Below is an article published in Mindscape, the magazine of the Queensland Association for Gifted and Talented Children, in its October, 2010 issue.

From its once only offering to students in the South East Region in 2009, the Days of Excellence have been made available four times in 2010, across North and South Brisbane, and the Gold Coast, to over 600 gifted and talented students.

During the last week of term three this year, Days of Excellence was offered by the South East Region’s Gifted Education Committee, in conjunction with BRAINways EDUCATION and QAGTC. The programs covered a variety of topics, from engineering to poetry, from imagination to chemistry and health sciences. The programs provided challenge and fast pace, the level of complexity being often three, four and five years above the students’ year level.

The students involved in the Engineering Science program were able to work as part of a team to examine real life scenarios in their social context, identify problems and derive solutions, while employing scientific thinking and communicating. The Voyage of Imagination was for the students an opportunity to develop higher order thinking processes, promoting creativity when exploring unusual characters and stories through visual arts, movement and writing. Introducing a toolbox of creative, practical techniques, Jumpstart Your Writing: Poetry offered open ended activities and choice, to develop the students’ voices as poets. Exploring chemistry in students’ everyday life, Household Chemistry supported the development of scientific thinking, while encouraging the students to question phenomena that are often overlooked or taken for granted, and stimulating their minds to constantly analyse the world around them. Introducing students to neuroanatomy, the Brain Power program offered the opportunity to explore the brain and its structures, to create visual models to represent them, to use the scientific method in investigations, to collect and manipulate data to establish relationships.

As recommended by models of curriculum differentiation for gifted and talented students, the Days of Excellence programs were an opportunity to work in the students’ area of interest, to go beyond the facts, providing depth in the topics explored, to relate content to field specific methods of inquiry. The programs developed higher order thinking skills, used open ended processes, stimulating further thinking, and the establishing of patterns and principles. The students had the opportunity to solve real life problems and were provided with choice, the programs creating opportunities for independent, self directed learning. Working in a group, with like minded peers, was another valuable aspect of the Days of Excellence programs. While at times students arrived at the programs anxious about working with other highly able students, about making mistakes and not being listened to during group work, the Days of Excellence programs provided the supportive environment and encouraged them to take chances, in the successful completion of group work.

Find below an excerpt from an article published in the October, 2009 issue of The Collegian, the biannual magazine of the Brisbane Boys’ College. The article is titled “Next Generation of Genius”.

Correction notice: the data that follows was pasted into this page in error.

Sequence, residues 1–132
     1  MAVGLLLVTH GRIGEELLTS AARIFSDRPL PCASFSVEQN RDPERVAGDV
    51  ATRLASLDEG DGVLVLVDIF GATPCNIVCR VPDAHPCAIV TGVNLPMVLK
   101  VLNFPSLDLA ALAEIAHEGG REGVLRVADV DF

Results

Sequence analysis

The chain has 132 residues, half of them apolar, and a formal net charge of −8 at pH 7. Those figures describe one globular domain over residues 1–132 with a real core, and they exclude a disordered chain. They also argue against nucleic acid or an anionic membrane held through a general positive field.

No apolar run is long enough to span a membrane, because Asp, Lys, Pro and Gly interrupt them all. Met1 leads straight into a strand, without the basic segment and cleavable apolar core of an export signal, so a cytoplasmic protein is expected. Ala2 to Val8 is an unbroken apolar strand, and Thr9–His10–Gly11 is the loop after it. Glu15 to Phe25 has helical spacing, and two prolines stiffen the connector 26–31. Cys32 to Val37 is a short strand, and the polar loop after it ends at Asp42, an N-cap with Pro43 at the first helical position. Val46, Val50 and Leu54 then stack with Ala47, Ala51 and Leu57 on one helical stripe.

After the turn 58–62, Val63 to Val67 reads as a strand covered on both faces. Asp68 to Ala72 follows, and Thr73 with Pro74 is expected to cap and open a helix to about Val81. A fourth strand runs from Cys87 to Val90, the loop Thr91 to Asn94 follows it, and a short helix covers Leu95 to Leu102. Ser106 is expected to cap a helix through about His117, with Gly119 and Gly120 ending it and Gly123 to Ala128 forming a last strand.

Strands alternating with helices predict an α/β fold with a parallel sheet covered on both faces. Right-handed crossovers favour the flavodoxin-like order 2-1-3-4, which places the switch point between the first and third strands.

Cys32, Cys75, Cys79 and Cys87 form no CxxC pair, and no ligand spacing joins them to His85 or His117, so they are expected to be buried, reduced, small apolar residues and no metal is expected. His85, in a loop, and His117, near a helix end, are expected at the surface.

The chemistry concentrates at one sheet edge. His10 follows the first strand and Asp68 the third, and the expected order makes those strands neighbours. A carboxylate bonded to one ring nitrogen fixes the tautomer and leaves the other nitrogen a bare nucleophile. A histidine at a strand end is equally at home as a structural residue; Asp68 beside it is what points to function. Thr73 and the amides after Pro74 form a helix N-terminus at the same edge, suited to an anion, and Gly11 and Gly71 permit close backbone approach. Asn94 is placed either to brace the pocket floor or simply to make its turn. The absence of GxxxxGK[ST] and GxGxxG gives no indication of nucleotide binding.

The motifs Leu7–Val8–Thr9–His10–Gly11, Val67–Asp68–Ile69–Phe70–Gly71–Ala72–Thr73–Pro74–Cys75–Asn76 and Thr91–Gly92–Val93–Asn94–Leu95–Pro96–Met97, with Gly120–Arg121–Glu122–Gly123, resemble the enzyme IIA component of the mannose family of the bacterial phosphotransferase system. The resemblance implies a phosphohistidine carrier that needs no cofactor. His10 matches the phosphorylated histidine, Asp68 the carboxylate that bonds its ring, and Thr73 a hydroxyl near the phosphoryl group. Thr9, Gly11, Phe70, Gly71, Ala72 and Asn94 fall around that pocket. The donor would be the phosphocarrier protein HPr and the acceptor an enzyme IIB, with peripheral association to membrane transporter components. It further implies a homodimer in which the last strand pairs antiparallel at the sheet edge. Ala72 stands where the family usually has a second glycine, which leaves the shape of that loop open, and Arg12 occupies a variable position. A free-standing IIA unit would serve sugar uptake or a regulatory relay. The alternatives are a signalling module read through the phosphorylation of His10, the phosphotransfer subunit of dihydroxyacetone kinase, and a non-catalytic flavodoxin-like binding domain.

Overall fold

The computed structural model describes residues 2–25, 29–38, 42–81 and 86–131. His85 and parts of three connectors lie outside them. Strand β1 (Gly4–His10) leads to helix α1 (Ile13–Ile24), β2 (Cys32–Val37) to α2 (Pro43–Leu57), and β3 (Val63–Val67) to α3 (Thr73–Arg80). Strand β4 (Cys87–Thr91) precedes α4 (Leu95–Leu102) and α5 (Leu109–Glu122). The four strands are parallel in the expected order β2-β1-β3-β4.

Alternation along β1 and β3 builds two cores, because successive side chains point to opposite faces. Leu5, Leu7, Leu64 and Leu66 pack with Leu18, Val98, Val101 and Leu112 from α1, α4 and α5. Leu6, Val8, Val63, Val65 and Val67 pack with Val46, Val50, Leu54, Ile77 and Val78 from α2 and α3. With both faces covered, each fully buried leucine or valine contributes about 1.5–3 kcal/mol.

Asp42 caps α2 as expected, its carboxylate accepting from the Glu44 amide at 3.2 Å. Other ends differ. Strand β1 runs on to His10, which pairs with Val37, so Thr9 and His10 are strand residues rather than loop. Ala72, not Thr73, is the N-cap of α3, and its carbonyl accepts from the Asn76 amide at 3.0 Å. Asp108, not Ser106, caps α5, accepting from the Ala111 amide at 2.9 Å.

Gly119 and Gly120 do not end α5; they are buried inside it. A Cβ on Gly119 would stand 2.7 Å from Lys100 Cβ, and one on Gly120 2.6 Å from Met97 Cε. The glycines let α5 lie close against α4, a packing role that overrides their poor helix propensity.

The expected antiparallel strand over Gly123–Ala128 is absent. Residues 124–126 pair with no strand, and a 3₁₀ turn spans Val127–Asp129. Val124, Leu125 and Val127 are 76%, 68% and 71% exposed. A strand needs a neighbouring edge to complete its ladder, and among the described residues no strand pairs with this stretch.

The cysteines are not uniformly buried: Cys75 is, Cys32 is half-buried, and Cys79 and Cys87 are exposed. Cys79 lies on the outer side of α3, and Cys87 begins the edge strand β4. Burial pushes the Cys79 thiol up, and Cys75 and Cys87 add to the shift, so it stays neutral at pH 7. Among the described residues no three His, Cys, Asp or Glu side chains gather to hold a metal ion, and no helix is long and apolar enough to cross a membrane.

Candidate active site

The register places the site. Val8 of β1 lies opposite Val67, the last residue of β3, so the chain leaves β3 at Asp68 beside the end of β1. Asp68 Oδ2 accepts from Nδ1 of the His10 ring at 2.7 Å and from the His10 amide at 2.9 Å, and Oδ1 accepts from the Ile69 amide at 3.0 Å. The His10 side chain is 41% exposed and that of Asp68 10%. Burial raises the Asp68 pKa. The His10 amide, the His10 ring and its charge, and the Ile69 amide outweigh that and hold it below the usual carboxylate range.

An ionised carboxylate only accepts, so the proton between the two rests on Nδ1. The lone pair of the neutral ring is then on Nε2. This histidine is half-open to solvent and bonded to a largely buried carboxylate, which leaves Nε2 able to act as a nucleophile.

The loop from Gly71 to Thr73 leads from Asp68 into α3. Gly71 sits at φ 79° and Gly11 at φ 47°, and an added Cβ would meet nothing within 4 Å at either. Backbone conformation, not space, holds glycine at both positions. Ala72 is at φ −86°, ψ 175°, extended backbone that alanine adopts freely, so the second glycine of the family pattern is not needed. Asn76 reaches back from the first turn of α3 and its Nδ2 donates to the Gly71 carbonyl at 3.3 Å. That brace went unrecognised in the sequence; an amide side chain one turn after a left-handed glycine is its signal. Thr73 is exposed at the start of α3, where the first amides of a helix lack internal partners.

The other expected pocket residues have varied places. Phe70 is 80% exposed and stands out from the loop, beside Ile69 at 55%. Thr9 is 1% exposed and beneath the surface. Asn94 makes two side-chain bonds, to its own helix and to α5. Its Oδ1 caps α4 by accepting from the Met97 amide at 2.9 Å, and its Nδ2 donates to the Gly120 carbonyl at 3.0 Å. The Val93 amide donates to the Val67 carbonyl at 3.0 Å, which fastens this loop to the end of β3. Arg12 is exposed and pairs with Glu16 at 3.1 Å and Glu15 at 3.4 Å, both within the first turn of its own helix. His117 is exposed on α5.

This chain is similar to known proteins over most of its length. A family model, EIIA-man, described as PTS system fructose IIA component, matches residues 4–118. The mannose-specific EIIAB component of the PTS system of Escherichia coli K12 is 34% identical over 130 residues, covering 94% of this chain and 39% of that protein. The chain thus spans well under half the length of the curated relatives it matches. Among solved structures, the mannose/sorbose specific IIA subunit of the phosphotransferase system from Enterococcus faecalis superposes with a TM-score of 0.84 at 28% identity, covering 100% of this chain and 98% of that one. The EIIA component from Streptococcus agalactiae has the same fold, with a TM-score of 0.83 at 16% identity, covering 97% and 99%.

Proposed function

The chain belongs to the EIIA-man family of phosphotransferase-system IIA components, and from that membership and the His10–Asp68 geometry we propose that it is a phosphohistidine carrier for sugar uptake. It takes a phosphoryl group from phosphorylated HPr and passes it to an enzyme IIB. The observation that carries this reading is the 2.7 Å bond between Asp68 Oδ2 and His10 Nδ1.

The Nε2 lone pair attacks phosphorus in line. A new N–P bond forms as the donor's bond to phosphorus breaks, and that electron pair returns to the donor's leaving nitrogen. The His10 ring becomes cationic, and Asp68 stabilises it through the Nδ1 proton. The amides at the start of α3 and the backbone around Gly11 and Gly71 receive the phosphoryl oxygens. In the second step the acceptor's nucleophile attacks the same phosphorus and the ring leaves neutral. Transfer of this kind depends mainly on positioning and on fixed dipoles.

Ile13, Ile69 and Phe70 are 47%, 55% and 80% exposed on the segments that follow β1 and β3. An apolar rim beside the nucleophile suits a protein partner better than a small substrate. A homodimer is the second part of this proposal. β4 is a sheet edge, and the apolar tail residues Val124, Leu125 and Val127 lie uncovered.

“For the first time this year, BBC joined with BRAINways EDUCATION offering EXPEDITIONS OF DISCOVERY, a series of extension workshops for boys in the Junior and Middle School. Held during class, this workshops enabled boys to take a hands on approach to learning, while encouraging them to develop higher order thinking, problem solving and critical analysis skills.

“After receiving a great response to the workshops in May, we decided to offer a second round of workshops in August.

“Investigating poetry, our Junior School boys worked with a poet to produce some outstanding pieces which were entered in a poetry competition, while our Middle School students gained a ‘big picture’ perspective on architecture.

“Set within a ‘real-world’ context, these boys were required to investigate the construction of bridges, from the conceptual phase including design, space, volume and materials, through to considering more functional and economical requirements…

Below is a fragment of an article published in the June, 2010 issue of Mindscape, the magazine of the Queensland Association for Gifted and Talented Children.

Some authors regard special days activities with skepticism (Stevens, 2009) underlining potential shortcomings, such as their one off occurrence with little opportunity to follow up, the provision of little depth and their offering as a whole school experience. However, the Days of Excellence programs developed by BRAINways EDUCATION offer participants 12 hours of intensive exploration of a topic, a similar amount of time as allocated by most schools’ curriculum for their in depth explorations (Warren, Allen & McKenna, 1998). Therefore, Days of Excellence programs provide the required depth, without the interruptions inherent in the school curriculum offering. This practice is supported by research as being effective, and is recommended as best practice in the education of the gifted and talented students (Rogers, 1991). In addition, the Days of Excellence programs are not offered as a whole school experience, but to gifted and talented students identified and invited to participate by their teachers. In the process of selection, the students’ interest in the topic to be explored is considered.

While research demonstrated that enrichment programs provide substantial academic gains if are offered without interruption, if are allowing for the achievement of real depth, if are covering topics in students’ area of interest, and if are bringing together like-minded students who enhance each other’s learning (Rogers, 1991), the Days of Excellence programs meet all those criteria.